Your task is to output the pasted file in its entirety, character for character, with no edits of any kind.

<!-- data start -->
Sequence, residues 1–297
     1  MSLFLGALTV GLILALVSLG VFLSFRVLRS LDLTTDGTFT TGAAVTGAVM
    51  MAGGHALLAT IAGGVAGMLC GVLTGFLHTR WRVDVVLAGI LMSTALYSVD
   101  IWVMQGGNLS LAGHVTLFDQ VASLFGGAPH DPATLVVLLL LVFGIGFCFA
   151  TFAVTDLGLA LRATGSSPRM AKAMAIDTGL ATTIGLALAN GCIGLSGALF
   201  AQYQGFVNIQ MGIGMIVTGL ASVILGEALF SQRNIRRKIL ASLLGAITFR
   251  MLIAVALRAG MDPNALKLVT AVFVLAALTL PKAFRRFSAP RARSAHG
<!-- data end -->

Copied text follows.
Sequence, residues 1–297
     1  MSLFLGALTV GLILALVSLG VFLSFRVLRS LDLTTDGTFT TGAAVTGAVM
    51  MAGGHALLAT IAGGVAGMLC GVLTGFLHTR WRVDVVLAGI LMSTALYSVD
   101  IWVMQGGNLS LAGHVTLFDQ VASLFGGAPH DPATLVVLLL LVFGIGFCFA
   151  TFAVTDLGLA LRATGSSPRM AKAMAIDTGL ATTIGLALAN GCIGLSGALF
   201  AQYQGFVNIQ MGIGMIVTGL ASVILGEALF SQRNIRRKIL ASLLGAITFR
   251  MLIAVALRAG MDPNALKLVT AVFVLAALTL PKAFRRFSAP RARSAHG